It’s been nine months since the B.C. government increased its foreign speculator tax from 15% to 20%. While its effectiveness has been the subject of speculation and disagreement, one thing is sure: there’s a renewed interest in Vancouver by potential buyers from China.
Searches for Vancouver real estate through Juwai.com, China’s biggest international real estate search engine, recently skyrocketed. However, a representative of the Vancouver chapter of the Asian Real Estate Association of America advised hopeful home sellers to curb their enthusiasm.
Tina Mak, a Coldwell Banker Westburn Realty agent in Vancouver, made the argument that Juwai.com searches are not just up in Vancouver, but throughout the world. “As much as we don’t like to think so, Canada is not as important to Chinese buyers as other places, such as the United States,” Mak stated. She went on to say that there’s a growing number of worried Chinese investors who want to get their money out of the country as soon as possible, due to growing economic concerns.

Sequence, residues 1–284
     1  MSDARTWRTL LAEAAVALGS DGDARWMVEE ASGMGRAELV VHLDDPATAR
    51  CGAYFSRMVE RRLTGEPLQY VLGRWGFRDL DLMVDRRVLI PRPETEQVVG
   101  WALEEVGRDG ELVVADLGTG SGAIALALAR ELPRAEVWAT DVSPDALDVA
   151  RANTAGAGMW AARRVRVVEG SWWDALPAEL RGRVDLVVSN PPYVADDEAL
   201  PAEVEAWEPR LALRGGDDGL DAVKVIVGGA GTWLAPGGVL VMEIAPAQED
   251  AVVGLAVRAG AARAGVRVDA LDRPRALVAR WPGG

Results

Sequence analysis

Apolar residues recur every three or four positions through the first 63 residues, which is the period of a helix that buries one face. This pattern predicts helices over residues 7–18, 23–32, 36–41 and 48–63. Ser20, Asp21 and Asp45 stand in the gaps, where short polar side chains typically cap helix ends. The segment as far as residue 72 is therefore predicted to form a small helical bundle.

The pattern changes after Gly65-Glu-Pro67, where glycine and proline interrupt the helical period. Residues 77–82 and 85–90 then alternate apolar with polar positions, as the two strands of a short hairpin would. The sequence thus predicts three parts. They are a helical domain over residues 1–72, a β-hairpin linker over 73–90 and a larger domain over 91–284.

“Canada is not as important to Chinese buyers as other places, such as the United States”
As unaffordable as Vancouver’s real estate has become, it’s still significantly cheaper than what we would find in major Chinese cities, such as Shanghai.
Carrie Law, the CEO and director of Juwai.com, wrote in a statement to Glacier Media: “Vancouver still offers Chinese [buyers] the prospect of homes or apartments at a relatively better price than to properties in China. The price per square metre for an apartment in downtown Vancouver is 37% lower than in Shanghai.”
As to why we’re seeing a current surge in investor interest in Vancouver, Law goes on to say, “In China right now there’s a great deal of insecurity about the real estate and economic outlook. Most middle-class and upper-middle-class Chinese owe much of their financial security to their homes and investment properties in China, which have appreciated massively over the past two decades. But determined government policy seems to be bringing an end to price appreciation and could even cause prices to fall for the first time. In addition, political change, the trade war, and the falling currency combine to make Chinese [citizens] very nervous about their personal finances.”